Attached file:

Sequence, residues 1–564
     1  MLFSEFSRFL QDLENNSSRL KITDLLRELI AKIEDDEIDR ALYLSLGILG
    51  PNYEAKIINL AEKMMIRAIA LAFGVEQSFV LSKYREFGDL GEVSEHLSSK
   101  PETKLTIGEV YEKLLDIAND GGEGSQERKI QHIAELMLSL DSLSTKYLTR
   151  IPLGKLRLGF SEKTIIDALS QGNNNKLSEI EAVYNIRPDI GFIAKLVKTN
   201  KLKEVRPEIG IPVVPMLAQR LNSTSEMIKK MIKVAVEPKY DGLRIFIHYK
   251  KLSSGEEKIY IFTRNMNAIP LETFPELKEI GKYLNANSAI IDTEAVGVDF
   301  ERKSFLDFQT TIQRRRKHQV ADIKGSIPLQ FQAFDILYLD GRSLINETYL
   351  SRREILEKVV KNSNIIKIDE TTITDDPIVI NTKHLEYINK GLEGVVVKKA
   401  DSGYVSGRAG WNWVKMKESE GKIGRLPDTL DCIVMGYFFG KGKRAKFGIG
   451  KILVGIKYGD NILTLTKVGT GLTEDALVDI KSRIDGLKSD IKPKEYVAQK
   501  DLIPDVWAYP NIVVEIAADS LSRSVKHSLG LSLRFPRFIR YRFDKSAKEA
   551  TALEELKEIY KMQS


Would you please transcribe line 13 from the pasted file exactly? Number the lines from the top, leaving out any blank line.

   551  TALEELKEIY KMQS